Next up came actually raising and lowering the desk. I’d already done this sort of thing before, having previously tasked an ESP32 with pressing the button on my USB switching hub so this part was going to be relatively simple.

All you need to do really is take a transistor, connect the collector and emitter to your switch contacts, along with connecting the base to one of your ESP32s GPIO pins (through a resistor to limit current, 10k will do!). Then, in your ESP32 or Arduino code, all you need to do is configure your pin as an output pin, ie: pinMode(yourPinInt, OUTPUT);, and then when you want to press the button, you just bring the pin high by using digitalWrite(yourPinInt, HIGH);. To stop pressing the button, you bring the pin low digitalWrite(yourPinInt, LOW);.

The electronics assembly

On my particular standing desk, the switch contacts consisted of an outer and inner ring. I determined that the outer ring was positive 5v, and was common across the switches. The inner ring however was not common. Therefore, if I wanted my desk to go up or down, I needed to bridge ANY of the outer rings to the center contact of the up and down switch. I firstly tested my design on a Breadboard:

A photo of a breadboard that shows two transistors, attached to two resistors, attached to an ESP32. The wiring is chaotic.

After validating this worked, I soldered together a protoboard. I firstly attached my ESP32. I then soldered two resistors to D33 and D32, and then connected the center pin of both transistors (the base) to each resistor. I connected the collectors of both transistors together (the leftmost leg, with the flat side of the transistor facing you), and connected those legs to the outer ring of one of the switches. I then connected each Emitter leg to the center ring of the up and down rings.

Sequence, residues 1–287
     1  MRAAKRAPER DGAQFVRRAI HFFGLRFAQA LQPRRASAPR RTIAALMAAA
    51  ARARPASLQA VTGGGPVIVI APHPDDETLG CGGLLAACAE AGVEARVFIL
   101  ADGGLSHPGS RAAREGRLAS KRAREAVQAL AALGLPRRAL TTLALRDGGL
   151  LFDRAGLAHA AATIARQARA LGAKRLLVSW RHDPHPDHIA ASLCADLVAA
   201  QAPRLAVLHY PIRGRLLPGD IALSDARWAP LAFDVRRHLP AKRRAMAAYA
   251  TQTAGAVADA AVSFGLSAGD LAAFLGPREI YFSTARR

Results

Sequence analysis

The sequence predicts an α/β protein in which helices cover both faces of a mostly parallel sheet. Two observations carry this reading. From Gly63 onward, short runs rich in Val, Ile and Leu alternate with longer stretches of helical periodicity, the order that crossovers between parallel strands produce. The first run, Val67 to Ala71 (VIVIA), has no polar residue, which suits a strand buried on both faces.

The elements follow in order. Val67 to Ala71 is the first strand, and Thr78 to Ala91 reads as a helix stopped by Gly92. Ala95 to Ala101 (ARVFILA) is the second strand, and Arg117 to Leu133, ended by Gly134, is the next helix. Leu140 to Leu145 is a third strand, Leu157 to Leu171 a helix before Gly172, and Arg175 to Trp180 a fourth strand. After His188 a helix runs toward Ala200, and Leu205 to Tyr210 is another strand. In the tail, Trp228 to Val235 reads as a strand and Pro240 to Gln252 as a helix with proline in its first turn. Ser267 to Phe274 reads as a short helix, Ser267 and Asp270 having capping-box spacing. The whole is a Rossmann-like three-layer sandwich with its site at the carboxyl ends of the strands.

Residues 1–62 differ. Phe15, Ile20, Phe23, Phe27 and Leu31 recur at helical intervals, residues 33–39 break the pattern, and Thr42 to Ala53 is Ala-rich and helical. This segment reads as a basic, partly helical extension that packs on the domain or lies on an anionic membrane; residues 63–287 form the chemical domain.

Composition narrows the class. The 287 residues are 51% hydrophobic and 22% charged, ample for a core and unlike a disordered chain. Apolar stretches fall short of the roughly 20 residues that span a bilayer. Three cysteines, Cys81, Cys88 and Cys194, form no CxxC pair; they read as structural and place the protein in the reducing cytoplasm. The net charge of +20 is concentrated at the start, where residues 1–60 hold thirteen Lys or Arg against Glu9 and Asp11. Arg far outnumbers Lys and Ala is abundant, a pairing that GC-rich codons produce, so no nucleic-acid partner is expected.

I also soldered D12 and D13 to the SDA and SCL pins on the AIP650 present on the desk controller, along with a wire to VIN which would later supply 5 volts, along with a ground pin.

A photo of the front of a protoboard with the same wiring as the breadboard

I also attached wires to D15, D2, and D4, along with a second ground connection

  • which I will later attach to three switches, allowing me to have buttons on the outside of my new controller to control the desk manually, as I could before. I didn’t bother connecting any of the other buttons of my desk to the ESP32 since I didn’t care about the functionality they exposed (presets and the such).
A photo of the back of a protoboard with the same wiring as the breadboard

Once all this was complete, and it continued to work, it was time to write some code.

The code

My first revision of the code was a rats nest. I have no idea what I am doing in C++ (I’m a Golang/Ruby baby!), but its method of operation was very simple. It had two main variables responsible for control, the currentHeight, and requestedHeight. If they were not equal, the code would press the button that would cause currentHeight to move in the direction of requestedHeight, and release it once they were equal. Can you see the problem with this technique?

If not, no worries, I clearly didn’t see it coming either, and I really should have, given it’s a very common problem in DevOps land. We regularly deal with a concept called hysteresis, which is effectively a lag between an input and a desired output. If you’re more familiar with servers, maybe this example will help. Imagine you scale the number of replicas in a particular deployment based on a really simple metric like CPU utilisation. You might have some sort of rule like “If the CPU utilisation average hits 80%, add a replica. If it is below 80%, remove a replica. Then, when your clever autoscaler recognises that the average utilisation has exceeded 80%, it dutifully adds a replica. The utilisation then drops below 80%, and a replica gets removed, bringing the utilisation back up over 80%. This cycle repeats ad nauseum until you just use an autoscaler written by someone else.